came up short again by three-putting two of the final six holes,
his only three-jacks of the week.... In Perth, Australia, Retief
Goosen won the Johnnie Walker Classic by eight strokes, the
ninth-largest margin of victory on the European tour since 1990.
Goosen has five victories worldwide since last June, more than
any other player.... With a $450,000 payday, Hale Irwin won his
third straight Senior Skins Game, at the Wailea (Hawaii) Golf
Resort.... Fuzzy Zoeller, making his Senior debut, was shut out.
How much does Pat Bates love his hair? The golden-maned Tour
journeyman is forgoing $15,000 a year by not wearing headgear
bearing the logo of his sponsor, Cleveland Golf. There may come a
day when Bates's celebrated mullet goes under cover, but it won't
be because he has money on the brain. "You might see me with a
visor somewhere down the line," he tells SI. "I guess it depends
on course conditions."
From Sweden, the land that bore Jesper Parnevik, comes the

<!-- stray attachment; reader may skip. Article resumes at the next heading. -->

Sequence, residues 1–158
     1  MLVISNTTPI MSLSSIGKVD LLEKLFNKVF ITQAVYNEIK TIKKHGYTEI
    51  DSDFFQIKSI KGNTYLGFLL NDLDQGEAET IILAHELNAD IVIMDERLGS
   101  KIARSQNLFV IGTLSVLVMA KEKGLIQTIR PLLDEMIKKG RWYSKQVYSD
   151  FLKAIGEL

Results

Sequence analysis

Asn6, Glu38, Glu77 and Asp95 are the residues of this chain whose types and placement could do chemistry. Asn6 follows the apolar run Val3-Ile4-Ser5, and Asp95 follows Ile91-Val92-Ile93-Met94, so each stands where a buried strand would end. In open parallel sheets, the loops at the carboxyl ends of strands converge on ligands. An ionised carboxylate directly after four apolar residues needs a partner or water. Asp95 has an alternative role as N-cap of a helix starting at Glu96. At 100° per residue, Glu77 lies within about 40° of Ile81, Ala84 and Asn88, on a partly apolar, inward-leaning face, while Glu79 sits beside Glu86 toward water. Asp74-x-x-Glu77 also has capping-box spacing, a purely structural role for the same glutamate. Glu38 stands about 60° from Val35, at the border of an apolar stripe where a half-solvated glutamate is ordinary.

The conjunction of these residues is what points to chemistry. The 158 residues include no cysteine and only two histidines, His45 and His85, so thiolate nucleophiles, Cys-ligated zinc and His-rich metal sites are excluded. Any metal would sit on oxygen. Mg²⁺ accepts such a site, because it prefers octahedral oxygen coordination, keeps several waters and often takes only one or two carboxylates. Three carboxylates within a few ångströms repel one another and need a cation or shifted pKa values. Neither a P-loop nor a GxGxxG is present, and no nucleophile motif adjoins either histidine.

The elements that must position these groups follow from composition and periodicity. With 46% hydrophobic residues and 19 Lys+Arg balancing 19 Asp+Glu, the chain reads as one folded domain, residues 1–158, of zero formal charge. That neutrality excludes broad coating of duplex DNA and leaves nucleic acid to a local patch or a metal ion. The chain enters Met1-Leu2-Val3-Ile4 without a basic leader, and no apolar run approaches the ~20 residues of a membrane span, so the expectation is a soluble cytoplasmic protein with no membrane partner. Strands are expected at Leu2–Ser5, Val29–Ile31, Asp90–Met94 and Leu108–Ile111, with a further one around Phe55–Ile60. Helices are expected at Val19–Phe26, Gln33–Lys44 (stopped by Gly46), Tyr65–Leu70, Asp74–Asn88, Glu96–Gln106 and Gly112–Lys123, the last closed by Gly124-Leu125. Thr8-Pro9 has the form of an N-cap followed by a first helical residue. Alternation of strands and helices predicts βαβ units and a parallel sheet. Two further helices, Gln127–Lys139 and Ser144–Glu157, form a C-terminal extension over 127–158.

zaniest item at last week's PGA Merchandise Show, a
revolutionary putter called The One (below). Retailing for $170,
The One presents an entirely new way to putt: one-handed
pendulum style, with a club that has a 23-inch shaft. Oh, the
USGA is going to love this.
Ping zing! Several leading manufacturers told SI they are likely
to follow the lead of Ping and abandon the PGA Show.
Ty Tryon may have missed the cut at the Phoenix Open, but he
didn't leave empty-handed. Part of his booty for teeing it up in
the Monday pro-am was a $500 gift certificate to Dillard's
department store. With a nod to his girlfriend, Lauren Bedford,
he said, "We won't have any trouble spending this."
Charles Howell had an old acquaintance on his bag last week,